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Wal-Mart Cans Its Two-Day Shipping Charges

Wal-Mart Cans Its Two-Day Shipping Charges

This article was originally published by DriveWealth.

This week, Wal-Mart (NYSE: WMT) e-commerce chief Marc Lore announced, “it no longer makes sense for Wal-Mart to charge for two-day shipping” and that America’s largest retailer will soon be ending its “ShippingPass” delivery subscription plan in favor of a new plan. Okay, sure. No big deal, right? Until we realize that Wal-Mart’s ShippingPass plan was just announced last June. In essence, whatever “made sense” 7 months ago (when ShippingPass was announced) doesn’t make sense now. Seems like a pretty quick change now, doesn’t it? Can you guess why Wal-Mart would go back on its initiative so quickly? If not, don’t worry – we’ll explain.

If we had titled this article “Wal-Mart vs. Amazon: The Battle Continues,” you may have had a much better idea. The real culprit here is not that Wal-Mart’s shipping plan “doesn’t make sense” for Wal-Mart anymore, but that Amazon’s (NASDAQ: AMZN) shipping plan – Amazon Prime, you may have heard of it – is working way better. What do we know from this, then? If it “doesn’t make sense” for Amazon these days, it may not make sense for Wal-Mart either – competition is fierce.

Why? Let’s dig deeper. You may have heard by now – or at least gathered this from the beginning of this article – that there’s a long-standing battle for the future of global retail sales, with both Wal-Mart and Amazon at the head of it. And, if you think about it, while both companies have extremely different business models, they are indeed working towards the same goal.

Wal-Mart, which made its great rise to the head of the American retail industry after its opening in 1962, has been most successful and is best known for its giant, all-inclusive retail stores. On the other hand, Amazon, which began in 1994, is of a different age – the age of digital retail. In other words, Amazon is known best for selling a huge variety of products – including retail items, groceries, eBooks, video streaming subscriptions and basically anything you could ever need – online. While both of these retailers are known for their low prices and amazing product variety, the avenue used to obtain their products is largely what sets the two corporations apart.

But, that avenue isn’t the most important factor here – the market is. Wal-Mart and Amazon have grown over time, they have begun providing virtually the same products at very comparable prices and are therefore starting to compete in the same markets. As these two retail giants gradually merge into the same market, so begins the race to become the one all-encompassing retail chain of the future. In this race, we’re starting to see a lot of copycatting going on lately. And it’s starting to confuse us all.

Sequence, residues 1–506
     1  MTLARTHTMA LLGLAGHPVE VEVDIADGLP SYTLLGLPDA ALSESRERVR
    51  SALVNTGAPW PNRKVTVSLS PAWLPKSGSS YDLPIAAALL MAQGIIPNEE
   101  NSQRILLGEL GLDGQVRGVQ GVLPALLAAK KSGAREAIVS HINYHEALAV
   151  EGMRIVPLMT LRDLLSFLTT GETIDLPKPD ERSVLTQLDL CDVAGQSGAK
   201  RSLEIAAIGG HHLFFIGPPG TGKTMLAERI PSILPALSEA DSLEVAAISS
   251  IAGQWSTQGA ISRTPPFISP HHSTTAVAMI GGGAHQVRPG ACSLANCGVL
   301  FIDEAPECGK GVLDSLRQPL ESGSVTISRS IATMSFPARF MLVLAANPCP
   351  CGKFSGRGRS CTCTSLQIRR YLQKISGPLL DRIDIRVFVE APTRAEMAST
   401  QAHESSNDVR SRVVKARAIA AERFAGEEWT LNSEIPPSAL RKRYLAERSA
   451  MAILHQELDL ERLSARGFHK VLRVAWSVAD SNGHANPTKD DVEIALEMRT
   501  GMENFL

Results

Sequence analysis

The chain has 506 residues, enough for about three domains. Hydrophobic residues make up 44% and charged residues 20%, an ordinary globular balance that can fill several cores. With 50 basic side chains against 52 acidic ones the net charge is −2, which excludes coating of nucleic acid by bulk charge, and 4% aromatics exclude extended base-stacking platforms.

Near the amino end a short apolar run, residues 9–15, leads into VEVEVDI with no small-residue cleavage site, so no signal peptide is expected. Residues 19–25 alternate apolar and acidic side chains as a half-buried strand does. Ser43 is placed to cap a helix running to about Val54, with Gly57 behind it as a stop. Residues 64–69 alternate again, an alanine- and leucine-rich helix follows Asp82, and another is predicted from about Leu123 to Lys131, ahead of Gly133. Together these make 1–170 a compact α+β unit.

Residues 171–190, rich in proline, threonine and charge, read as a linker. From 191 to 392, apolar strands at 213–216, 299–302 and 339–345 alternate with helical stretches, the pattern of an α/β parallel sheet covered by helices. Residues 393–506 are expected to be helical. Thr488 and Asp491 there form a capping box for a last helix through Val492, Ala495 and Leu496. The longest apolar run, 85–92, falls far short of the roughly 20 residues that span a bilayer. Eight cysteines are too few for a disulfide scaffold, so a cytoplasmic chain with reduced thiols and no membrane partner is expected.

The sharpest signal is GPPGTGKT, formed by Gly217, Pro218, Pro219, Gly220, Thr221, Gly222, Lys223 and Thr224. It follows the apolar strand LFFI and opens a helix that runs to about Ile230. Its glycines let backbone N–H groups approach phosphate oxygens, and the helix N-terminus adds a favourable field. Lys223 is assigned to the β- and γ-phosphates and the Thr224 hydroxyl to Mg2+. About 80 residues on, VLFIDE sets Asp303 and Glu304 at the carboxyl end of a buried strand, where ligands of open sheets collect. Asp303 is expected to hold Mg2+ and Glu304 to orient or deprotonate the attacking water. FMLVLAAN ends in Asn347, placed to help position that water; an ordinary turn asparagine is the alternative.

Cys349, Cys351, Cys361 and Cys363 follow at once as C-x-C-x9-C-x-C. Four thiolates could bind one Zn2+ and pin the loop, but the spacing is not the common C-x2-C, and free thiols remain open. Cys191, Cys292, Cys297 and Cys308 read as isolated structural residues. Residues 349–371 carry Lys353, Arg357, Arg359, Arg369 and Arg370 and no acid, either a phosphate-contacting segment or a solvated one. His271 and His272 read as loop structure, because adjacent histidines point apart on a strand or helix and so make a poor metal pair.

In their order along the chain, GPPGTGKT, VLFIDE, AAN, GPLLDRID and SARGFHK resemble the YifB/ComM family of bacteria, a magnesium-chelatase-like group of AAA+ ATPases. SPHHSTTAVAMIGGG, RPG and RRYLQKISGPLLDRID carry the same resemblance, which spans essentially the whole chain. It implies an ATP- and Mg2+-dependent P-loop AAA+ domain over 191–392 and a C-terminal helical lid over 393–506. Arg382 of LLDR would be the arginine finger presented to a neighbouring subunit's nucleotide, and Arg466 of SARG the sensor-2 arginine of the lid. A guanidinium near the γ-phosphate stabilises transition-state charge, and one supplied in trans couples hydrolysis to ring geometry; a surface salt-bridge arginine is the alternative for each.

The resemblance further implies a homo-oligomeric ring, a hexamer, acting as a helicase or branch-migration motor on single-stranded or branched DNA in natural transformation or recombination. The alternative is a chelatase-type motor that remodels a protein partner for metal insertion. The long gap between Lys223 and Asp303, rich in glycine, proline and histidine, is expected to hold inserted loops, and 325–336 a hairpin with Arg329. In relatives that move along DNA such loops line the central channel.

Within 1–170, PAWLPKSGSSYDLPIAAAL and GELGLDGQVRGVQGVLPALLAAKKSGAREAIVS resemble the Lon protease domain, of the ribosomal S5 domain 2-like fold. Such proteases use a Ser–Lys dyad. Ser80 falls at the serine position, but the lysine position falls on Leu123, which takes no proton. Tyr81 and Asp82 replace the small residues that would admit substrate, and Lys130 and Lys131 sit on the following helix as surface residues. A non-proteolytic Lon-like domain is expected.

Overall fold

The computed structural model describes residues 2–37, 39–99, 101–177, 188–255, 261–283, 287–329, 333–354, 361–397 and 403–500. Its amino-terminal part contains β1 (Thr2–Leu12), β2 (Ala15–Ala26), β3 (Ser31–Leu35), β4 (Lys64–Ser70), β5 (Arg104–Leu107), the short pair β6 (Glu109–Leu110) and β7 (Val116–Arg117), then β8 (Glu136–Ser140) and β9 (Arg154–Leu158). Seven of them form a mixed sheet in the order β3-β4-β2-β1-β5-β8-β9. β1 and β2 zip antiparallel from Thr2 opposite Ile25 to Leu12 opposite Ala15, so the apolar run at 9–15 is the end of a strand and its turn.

So, when Wal-Mart announced this week that it would be terminating its ShippingPass program for something that drastically undercuts Amazon’s shipping plan, we were a little confused, maybe, but not surprised. ShippingPass was a service that, for the past 7 months, had been Wal-Mart’s retaliation to the already-very-popular Amazon Prime. For a monthly subscription fee – similar to that of Amazon’s $99/year subscription plan – Wal-Mart had offered its users free two-day shipping among other benefits. But, as Wal-Mart realized it couldn’t stack up to Amazon Prime’s existing popularity or delivery speed, Wal-Mart has given up on the subscription model. Instead, the retailer will now simply be providing free two-day shipping on 2 million items. Free!

If that isn’t the biggest challenge to Amazon’s $99/year subscription plan (whose most significant benefit for many users is fast shipping), let us know what is. We’ll wait. In other words, the battle for the shared market continues.

Could this be a sign that Wal-Mart is really fueling up to take on Amazon Prime – and, thus, Amazon’s most significant market share – this time? Or a sign that Wal-Mart is simply realizing the power of Amazon and taking a loss on its subscription-based income, just to create even slight competition in Amazon’s online market? We’re not quite sure, but investors’ reactions to the announcement signified the latter, as Wal-Mart stock sunk later into the week.

However, it will definitely be interesting to see how this battle plays out and how investors continue to react. As investors yourselves, you might consider looking into Wal-Mart’s new online shipping plan as well as reading its reviews. Keeping current with major business developments could definitely provide insight into the future of the company, and into Amazon’s future, too.

Posted-In: DriveWealthRetail Sales Topics Markets Tech General


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